Sri Lanka’s national Women’s team ranked 8th in ICC World rankings have had a very disappointing tour of the West Indies, prior to the Women’s ICC T20 World cup scheduled to get underway at St Kitts, in the Caribbean from the 5th to the 16th of May.
The pertinent question is, can the Sri Lankan ladies be competitive against top teams in the likes of England, Australia, South Africa, New Zealand, India and hosts West Indies? Going by the results in the run up games just concluded at the Caribbean, an early exit is in evitable unless otherwise Chamani Seneviratne and her girls heed to the coaches’ call and play sensible cricket.
Sri Lanka cricket for first time in history, has recruited contracted players for Women’s cricket. They have sourced an excellent national coach namely Harsha De Silva who incidentally has produced champion outfits at School club level and quality players to national level. The team has been given all the facilities equaling the standards of the national team.
The ladies were given an opportunity to play two one day internationals and three T20 games against the hosts, which is a great opportunity in terms of acclimatizing to the weather and getting the feel of the West Indian pitches and the outfield.
The ladies played the two one day internationals at St Paul’s sports complex Basseterre at St Kitts. Harsha De Silva stated that the pitch at St Paul’s was up to standard and the outfield acceptable. The first game was reduced to 33 overs due inclement weather. Put into bat Sri Lanka’s batswomen made 129 runs for 8 wickets. However they lost the lung opener by 2 wickets and that too in the 33rd over after conceding 12 wides and one free hit.
Sri Lanka women won the second one day international by a convincing margin of 38 runs by winning the toss and batting first. They accumulated 198 runs for 9 wickets in their allotted 50 overs however the pertinent point is, none of the batters made it count by scoring a half century. In this game too they conceded 14 deadly wides and a free hit to the opposition. According Harsha De Silva the wides conceded was only 17 runs and this included the runs accumulated. He stated that this was acceptable taking into consideration that this venue was the windiest he has ever seen since the grounds was close to the sea.
The Sri Lankan Women were disappointing in the T20 version, losing all three games to the home team. All the scores accumulated were modest totals. Winning the toss and electing to bat in the first game, the ladies made only 120 runs for 9 wickets which included a run out. The opposition won this game by 3 wickets and 3 balls to spare. Sri Lanka women will be kicking their heels, bowling 5 no balls and two wides, thereby giving the opposition 5 free hits and bowling seven extra balls taking into consideration the 2 wides bowled.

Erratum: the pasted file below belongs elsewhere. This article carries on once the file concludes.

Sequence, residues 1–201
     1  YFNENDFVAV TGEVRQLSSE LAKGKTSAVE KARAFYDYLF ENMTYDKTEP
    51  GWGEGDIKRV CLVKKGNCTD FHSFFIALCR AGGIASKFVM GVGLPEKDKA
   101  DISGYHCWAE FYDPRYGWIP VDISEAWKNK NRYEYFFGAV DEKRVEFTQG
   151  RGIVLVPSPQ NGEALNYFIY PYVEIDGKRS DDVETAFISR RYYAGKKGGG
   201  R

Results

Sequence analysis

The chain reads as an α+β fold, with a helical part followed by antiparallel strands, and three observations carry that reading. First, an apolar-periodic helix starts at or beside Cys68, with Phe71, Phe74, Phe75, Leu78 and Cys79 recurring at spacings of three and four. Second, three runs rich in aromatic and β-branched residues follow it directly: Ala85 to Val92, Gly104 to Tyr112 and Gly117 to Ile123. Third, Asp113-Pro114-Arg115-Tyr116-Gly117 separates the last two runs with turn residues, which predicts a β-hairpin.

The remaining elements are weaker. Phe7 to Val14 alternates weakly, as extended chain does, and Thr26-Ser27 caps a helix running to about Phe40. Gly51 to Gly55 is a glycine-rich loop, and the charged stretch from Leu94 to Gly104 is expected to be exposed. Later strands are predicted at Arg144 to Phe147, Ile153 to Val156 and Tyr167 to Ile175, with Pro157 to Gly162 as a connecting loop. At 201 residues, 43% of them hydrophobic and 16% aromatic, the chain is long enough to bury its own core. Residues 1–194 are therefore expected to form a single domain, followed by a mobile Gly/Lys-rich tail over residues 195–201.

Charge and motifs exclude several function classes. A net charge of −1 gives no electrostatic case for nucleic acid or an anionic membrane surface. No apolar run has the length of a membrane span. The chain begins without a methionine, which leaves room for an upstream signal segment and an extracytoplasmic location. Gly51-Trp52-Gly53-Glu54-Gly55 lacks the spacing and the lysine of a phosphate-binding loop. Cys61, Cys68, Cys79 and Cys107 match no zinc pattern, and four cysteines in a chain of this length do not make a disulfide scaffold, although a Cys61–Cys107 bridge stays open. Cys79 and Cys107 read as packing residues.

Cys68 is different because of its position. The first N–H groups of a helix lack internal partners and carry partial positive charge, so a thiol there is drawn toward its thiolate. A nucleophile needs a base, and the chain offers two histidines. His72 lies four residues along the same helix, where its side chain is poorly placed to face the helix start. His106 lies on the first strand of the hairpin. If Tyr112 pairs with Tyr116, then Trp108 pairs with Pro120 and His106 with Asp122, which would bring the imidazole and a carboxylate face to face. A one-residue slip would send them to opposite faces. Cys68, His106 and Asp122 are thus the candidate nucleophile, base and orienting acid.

In the second T20, winning the toss yet again and choosing to bat first Sri Lanka made only 103 runs. Two run outs caused pandemonium to the game plan. The Caribbean ladies reached the target easily with 9 balls to spare thereby winning the game convincingly by 6 wickets.
The third T20 was very disappointing yet again from a Sri Lanka perspective. The home team was struggling with their total being 112 for 9 wickets in their allotted 20 overs. Five complementary runs went a begging due to the wides virus. The batswomen let the side down yet again, bowled out for a paltry 84.
There were plenty of missed opportunities in the 3 match white wash. In the first T20 game the home team in pursuit of 121 for victory was struggling on 25 for 5 wickets.
In the third and final encounter chasing a modest target of 113 Sri Lanka got off to a great start being 40 for no loss in the 6th over, the Caribbean ladies got the much needed breakthrough thanks to a run out. What happened to the rest of the batters? The answer was somewhat predictable they folded like a pack of cards.
The coach in an exclusive interview to www.srilankacricket.lk stated that the batters need to realize 20 overs is a lot of balls and must occupy the crease for longer period of time.
He also stated that running between wickets is ordinary and this was an area of concern before the tour.
He did lament about limited training time since the girls had only three net sessions. A training session in between matches would have done a world of good.
On the positive angle Harsha stated that the weather is very similar to that of Sri Lanka, which means it’s tropical, hence acclimatizing to Mother Nature was no problem. He also stated that the recovery period from Jet Lag was 48 hours.
Finally he is optimistic that the girls will learn from their mistakes and put up a better show come the 5th of May.